Take for example the Michael Brown shooting. They had 64 witnesses and their perceptions and reports of their experience differed wildly. Sure, some may have been motivated by secondary gain to report the way they did, but they were by far not outliers (https://www.motherjones.com/politics/2014/11/inconsistencies-what-happened-during-michael-brown-shooting/)
There are famous experiments in cognitive psychology where people can be engaged in a game of basketball and a man in a gorilla suit can walk straight through the court and when asked later about it, most players and witnesses of the game will not see it, because they are focused on the ball (https://www.youtube.com/watch?v=vJG698U2Mvo). A person could easily say “wow, did u see that gorilla?!” And the other person might be like “what are you talking about? There was no gorilla.” An argument ensues and one or both may feel crazy and this is where pop psych gets it wrong-someone might say-“you are gaslighting me.” This is not true, unless the person was intentionally trying to make the other person think they are crazy.
And the added piece with cognitive psychology research by Elizabeth Loftus teaches us that people are especially bad historians. Our memories are very fallible and maleable to suggestion, which is why eyewitness testimony is considered the weakest/most unreliable form of evidence, despite people having the most confidence in it (https://www.science.org/content/article/how-reliable-eyewitness-testimony-scientists-weigh#:~:text=As%20Loftus%20puts%20it%2C%20%22just,that%20their%20memory%20of%20an).
So, when thinking of gaslighting, ask yourself about the overall behaviors and intentions of this person. Do they generally mean you goodwill even when they are not trying to lovebomb or get something from you in a manipulative fashion? Do they try to help/support/lift you up/encourage your dreams and best version of yourself? Or do you usually feel bad/smaller/more out of control in ways that is usually inconsistent with how you view yourself/others/the world.
Narcissists in Therapy
Joseph Burgo in the book “The Narcissist you Know” talks about different types of Narcissists, the ones that want to be held in high esteem, famous, or revered and will happily step on anyone who gets in the way of achieving their goal. Dictators, politicians, and some actors and models have been known to fit this mold. Others have a veneer of wanting others to see them as great, but they are much more shallow and easily wounded and resort to lashing out when that is not validated. They are likely to throw a fit, use injurious words to cut down anyone that might see through the veneer and cut the person out of their life entirely. Some may be philanthropers or nurses, teachers, or ministers, or police , or even therapists where they are in the position of being admired and praised, but the people that are closest to them like their partner, parent or child may have a very different experience of them than their public persona.
Narcissists are not historically known to show up for therapy unless court mandated or coming in with their partner for couple/family therapy. It is sometimes said that narcissists in therapy only become better at manipulation and therefore a clinician that recognizes the perils should proceed with caution. In these settings they tend to first focus on winning over the therapist by being a “good client” or they finger point all issues as originating with their partner/boss/family member/ex/etc and take no accountability for the work they need to do on their end to make repairs. Essentially, they take the stance of wanting the therapist to validate their concerns as the injured party and try to co-opt the therapist to get the other person to take the responsibility for the problems in the relationship. They may seem agreeable to homework, but have little follow through if the expectation is for them to focus on change within themselves, yet be simultaneously demanding of change and work from their partner. They usually do not see their hypocrisy and are emboldened by their narcissistic injury to overlook their injurious behaviors.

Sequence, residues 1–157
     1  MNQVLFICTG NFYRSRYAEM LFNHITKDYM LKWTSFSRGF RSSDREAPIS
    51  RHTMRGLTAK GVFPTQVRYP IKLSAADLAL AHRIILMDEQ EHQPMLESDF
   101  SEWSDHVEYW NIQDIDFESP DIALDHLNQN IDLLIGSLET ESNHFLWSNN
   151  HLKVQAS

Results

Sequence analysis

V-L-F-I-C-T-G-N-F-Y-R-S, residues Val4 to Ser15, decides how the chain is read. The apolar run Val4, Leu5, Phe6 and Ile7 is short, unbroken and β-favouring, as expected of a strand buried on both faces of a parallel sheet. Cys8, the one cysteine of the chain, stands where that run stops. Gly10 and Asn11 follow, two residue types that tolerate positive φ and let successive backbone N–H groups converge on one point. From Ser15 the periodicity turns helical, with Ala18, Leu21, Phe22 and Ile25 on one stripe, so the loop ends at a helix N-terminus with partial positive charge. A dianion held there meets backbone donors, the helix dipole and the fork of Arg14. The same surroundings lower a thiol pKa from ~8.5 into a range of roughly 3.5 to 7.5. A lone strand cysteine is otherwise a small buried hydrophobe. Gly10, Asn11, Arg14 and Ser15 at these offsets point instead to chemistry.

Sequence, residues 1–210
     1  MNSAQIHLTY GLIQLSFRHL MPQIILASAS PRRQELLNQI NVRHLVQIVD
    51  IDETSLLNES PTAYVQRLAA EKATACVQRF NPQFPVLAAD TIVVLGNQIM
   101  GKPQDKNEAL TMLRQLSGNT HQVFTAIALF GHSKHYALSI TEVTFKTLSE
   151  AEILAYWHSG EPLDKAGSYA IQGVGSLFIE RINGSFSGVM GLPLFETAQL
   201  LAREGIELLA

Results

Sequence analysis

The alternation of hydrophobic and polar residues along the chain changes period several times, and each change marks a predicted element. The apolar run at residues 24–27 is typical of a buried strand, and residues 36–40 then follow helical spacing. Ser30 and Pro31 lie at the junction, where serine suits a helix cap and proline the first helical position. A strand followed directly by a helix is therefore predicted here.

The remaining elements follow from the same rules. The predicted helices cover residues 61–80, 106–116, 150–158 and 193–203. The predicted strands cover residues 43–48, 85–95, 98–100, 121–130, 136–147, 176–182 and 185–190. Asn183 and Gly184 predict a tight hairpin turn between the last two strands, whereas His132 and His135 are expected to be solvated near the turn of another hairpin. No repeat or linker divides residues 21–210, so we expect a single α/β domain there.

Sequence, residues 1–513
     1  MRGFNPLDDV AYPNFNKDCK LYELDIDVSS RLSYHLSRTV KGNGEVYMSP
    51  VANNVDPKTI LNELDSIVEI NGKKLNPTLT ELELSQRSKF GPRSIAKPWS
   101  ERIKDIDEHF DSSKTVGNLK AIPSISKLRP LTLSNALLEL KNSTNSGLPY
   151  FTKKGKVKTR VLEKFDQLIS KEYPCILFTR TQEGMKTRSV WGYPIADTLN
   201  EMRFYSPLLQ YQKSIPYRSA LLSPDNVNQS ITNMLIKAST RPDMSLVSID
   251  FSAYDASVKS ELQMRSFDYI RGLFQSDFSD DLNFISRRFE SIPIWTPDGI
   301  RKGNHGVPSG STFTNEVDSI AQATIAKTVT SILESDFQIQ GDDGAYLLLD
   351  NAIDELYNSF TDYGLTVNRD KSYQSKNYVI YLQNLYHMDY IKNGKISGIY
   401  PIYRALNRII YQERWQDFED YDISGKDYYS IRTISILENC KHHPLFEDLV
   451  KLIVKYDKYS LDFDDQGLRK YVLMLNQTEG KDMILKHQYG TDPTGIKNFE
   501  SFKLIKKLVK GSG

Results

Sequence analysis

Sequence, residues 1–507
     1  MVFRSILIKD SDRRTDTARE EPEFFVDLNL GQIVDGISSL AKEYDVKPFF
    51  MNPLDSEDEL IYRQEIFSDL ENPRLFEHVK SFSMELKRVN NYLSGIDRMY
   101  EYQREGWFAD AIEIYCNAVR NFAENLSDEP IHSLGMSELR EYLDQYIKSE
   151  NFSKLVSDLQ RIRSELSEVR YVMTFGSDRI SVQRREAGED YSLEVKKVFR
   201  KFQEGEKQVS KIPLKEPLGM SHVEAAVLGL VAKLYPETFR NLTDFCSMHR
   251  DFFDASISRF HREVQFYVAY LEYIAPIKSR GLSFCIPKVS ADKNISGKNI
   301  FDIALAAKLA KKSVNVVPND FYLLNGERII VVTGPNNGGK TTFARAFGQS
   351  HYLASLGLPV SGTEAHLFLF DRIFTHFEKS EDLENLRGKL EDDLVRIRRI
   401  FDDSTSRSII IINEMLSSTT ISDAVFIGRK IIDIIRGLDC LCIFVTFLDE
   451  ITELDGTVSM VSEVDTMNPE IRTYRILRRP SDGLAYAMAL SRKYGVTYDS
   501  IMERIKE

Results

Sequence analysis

Theories of what causes Narcissistic Personality Disorder
Theories on the roots causes of NPD vary. Sometimes it develops because they grew up in entitled settings where they were pushed to be “the best” and likewise developed little empathy for anything/anyone that did not meet those standards. Conversely, some were treated so poorly from developmental/attachment trauma that they develop a false sense of self/veneer to convince themselves they were ok to steal themselves up from the outside threats. This is the narcissism that is much more fragile, because if they allow their guard to come down and see their own flaws, their core sense of self may be at threat. They may be vulnerable to experiencing the extreme pain of their early trauma, so they fight hard to allow those vulnerable feelings from being experienced.
Traits vs personality disorder
Maybe you have read this and thought you for sure know someone who is a Narcissist, but to be clear, the pervasiveness and chronicity and truly heinous impact of this abuse is what makes it unique. You likely have someone who treated you poorly, made you question yourself, did not validate your feelings, took advantage of you, or behaved poorly during an argument and did not share the same perspective as you, but it does not necessarily mean they are a Narcissist. If you reflect, maybe there are times you could say the same for yourself too. This popsych mislabeling is a disservice to real sufferers of narcissists, and gaslighting. Your ex- boyfriend may be a selfish ass, but probably isn’t an actual narcissist. We need to be kinder to one another and more magnanimous sometimes in how we interpret others actions.